High-production shredding applications produce tremendous shock in hydraulic systems. Hydraulic transmission design, shaft speed, and operating torque are just the beginning of the decision-making process when selecting a pump and motor. There are 12 technical questions that need to be addressed between the shredding design team and the hydraulic pump and/or hydraulic motor manufacturer.
Reducing material – appliances, concrete, tires, etc. – into smaller particles for recycling re-use is the ultimate goal of a shredding system. Hydraulic technology is a natural fit for both systems with gearboxes and those that utilize high-torque, low-speed motors as a direct drive.
In operation, high-production shredders experience system shock when the shredding cutters jam and reverse direction. Since some cutters can cut in both directions, it may only take a fraction of a revolution of the cutter shaft to create what becomes a ‘violent event’ prior to the reversal cycle. High-dynamic loads with system pressure spikes prior to, or during the reversal of, are common with in-feed systems for hammer mills.
These ‘violent events’ can cause instant pressure spikes from 700 to 5,000 psi within milliseconds (ms). Every pump manufacturer has an approach for rugged, heavy-duty shredding applications, as well as how the pressure spikes will be accounted for. A common approach is across a relief valve. In Parker’s Gold Cup Pumps (Figure 1), it is the valve-block technology (Figure 2) that cuts off pressure spikes.
Before designing a system, it is important to have a technical discussion between the shredder team and the hydraulic pump/motor manufacturer. There are 12 questions that need to be taken into consideration. This post touches on the first three questions.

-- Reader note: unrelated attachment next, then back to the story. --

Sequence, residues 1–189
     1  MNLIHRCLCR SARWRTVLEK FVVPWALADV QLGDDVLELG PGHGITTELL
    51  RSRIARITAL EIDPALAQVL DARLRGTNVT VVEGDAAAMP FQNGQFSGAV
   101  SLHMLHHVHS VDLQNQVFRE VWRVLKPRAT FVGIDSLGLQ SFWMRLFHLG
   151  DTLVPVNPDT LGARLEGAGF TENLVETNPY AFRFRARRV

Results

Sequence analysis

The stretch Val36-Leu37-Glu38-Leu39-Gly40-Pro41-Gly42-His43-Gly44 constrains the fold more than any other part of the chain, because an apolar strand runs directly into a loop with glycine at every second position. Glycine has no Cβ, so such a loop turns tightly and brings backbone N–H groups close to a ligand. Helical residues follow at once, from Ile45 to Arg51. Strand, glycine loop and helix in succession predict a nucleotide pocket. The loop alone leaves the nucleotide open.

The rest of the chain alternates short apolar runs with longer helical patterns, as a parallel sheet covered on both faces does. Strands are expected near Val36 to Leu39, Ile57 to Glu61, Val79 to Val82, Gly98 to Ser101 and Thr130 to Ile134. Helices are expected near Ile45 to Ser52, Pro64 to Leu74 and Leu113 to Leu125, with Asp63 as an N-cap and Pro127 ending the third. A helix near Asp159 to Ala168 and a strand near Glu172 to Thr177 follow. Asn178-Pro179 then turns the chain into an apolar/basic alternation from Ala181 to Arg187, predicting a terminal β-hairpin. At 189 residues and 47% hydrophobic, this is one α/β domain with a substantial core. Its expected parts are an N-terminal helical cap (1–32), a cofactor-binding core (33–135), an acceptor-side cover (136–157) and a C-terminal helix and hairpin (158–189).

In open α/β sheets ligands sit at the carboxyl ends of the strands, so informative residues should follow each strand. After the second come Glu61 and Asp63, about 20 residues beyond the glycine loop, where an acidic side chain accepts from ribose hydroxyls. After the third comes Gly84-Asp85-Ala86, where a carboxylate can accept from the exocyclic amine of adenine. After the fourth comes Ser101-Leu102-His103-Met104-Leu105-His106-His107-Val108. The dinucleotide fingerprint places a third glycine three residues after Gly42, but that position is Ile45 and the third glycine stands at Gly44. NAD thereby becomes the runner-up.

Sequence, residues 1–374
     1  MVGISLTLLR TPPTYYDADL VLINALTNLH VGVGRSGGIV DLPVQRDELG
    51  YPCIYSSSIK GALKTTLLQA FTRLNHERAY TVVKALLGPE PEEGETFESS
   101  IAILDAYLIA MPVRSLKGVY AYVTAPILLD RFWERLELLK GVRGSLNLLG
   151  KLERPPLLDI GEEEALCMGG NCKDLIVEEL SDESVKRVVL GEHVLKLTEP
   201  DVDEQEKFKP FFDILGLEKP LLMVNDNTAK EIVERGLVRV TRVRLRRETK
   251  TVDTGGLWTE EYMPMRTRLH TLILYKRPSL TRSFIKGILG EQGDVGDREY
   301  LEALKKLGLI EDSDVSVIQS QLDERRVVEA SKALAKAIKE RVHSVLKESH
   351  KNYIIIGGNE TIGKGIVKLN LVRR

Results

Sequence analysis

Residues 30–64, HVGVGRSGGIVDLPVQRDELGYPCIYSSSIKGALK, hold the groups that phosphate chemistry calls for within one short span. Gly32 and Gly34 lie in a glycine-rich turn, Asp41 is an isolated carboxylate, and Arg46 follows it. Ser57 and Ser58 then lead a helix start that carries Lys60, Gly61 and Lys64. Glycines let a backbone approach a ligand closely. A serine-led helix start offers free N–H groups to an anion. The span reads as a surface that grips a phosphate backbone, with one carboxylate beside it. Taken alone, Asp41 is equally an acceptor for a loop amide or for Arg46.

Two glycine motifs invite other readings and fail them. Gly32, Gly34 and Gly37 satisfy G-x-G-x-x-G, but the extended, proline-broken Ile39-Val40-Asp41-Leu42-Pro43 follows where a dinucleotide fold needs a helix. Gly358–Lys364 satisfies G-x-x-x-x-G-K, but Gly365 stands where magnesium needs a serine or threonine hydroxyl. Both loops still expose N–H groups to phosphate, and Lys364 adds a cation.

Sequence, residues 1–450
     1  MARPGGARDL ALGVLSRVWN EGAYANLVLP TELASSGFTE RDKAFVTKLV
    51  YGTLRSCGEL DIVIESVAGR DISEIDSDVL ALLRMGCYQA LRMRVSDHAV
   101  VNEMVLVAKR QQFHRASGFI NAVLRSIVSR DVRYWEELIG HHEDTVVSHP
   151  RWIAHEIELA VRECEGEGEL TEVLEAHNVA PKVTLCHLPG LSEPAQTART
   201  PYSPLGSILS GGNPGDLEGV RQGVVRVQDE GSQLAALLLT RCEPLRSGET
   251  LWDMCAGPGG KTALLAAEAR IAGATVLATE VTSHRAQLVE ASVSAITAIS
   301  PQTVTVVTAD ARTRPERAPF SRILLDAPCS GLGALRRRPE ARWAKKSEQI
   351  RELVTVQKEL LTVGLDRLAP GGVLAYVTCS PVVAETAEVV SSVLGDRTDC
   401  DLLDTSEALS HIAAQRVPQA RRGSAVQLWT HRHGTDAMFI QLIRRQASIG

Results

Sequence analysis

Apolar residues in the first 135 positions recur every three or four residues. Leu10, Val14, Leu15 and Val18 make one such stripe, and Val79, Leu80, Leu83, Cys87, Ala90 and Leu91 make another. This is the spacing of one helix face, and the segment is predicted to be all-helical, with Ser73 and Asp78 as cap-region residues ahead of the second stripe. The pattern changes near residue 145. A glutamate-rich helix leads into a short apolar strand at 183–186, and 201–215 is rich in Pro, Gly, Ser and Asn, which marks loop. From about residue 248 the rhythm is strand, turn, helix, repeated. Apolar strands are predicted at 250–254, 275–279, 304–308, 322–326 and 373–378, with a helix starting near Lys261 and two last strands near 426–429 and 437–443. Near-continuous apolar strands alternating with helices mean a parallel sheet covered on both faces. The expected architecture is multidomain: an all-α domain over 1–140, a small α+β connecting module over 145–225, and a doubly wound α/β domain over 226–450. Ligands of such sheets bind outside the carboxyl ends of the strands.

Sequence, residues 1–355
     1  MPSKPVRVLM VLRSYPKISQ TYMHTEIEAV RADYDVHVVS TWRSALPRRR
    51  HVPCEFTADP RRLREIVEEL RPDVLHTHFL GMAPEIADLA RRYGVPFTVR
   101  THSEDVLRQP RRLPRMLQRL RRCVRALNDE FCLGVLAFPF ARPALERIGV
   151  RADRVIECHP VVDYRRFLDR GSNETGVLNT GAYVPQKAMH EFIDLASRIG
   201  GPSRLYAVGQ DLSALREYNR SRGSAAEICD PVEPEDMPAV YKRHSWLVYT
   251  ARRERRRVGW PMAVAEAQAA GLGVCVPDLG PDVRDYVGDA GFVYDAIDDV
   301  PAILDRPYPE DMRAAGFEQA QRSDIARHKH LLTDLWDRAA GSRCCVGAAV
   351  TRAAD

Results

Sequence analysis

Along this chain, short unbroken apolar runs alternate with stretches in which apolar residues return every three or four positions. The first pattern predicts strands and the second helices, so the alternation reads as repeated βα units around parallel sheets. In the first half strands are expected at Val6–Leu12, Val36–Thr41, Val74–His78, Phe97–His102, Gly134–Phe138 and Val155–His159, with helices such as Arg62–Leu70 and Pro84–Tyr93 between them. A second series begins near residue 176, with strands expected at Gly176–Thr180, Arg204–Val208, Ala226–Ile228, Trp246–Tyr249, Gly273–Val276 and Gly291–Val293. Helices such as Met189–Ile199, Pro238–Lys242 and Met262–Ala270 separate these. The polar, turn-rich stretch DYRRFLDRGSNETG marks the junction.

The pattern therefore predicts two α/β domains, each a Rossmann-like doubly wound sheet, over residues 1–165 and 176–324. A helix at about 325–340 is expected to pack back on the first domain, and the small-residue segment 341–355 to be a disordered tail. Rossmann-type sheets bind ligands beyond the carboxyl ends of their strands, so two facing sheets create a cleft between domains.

Understanding the cooling capacity often dictates whether or not an additional pump is required or if it is necessary to increase the pump flow of an existing charge or boost pump. For system cooling, an important consideration is an ambient temperature where the machine will be located and operating along with the temperature of the cooling medium (likely water). It is important to know how much charge or replenish pump flow is required to exchange and cool the fluid. If there is an inadequate heat exchanger or cooling fan, it may be required to pull additional fluid out of the system to cool it. As a rule-of-thumb, cooling capacity should be sized at about 25 to 30 percent of full system flow.
Overall pump efficiency is a combination of mechanical and volumetric efficiency. Understanding fluid and mechanical losses are important to the system. Designers have to ensure that the amount of horsepower needed to do the job at the speed desired can be achieved. For example, as the machine becomes loaded and system pressure rises, volumetric efficiencies can change, resulting in slower machine operation.
Knowing the operating conditions where the pump and motor will provide the highest efficiency is critical in system design. The key is to size components to be able to run at or near where one can achieve the greatest output torque or horsepower. For example, if one runs a pump at low displacement where the swashplate angle on the pump is at a low angle, the pump is less efficient. Pump manufacturer catalogs include efficiency curves that show the efficiency at different pressures. The overall efficiency of a typical hydraulic pump will improve as the system pressure increases, but may also have a tendency to have a slight drop off as it approaches maximum pump pressure ratings. Operating the pump where it is most efficient will make system-operating conditions efficient as well. In general, there is a trade-off when it comes to efficiency and life: Max Flow (Q) x Max Pressure (P) = Max Efficiency (%) = Minimum Life.
Article by David C. Ebert, product manager, Parker Hannifin Corporation.
This whitepaper was originally published in www.fluidpowerworld.com, volume 2; number 1; February 2015
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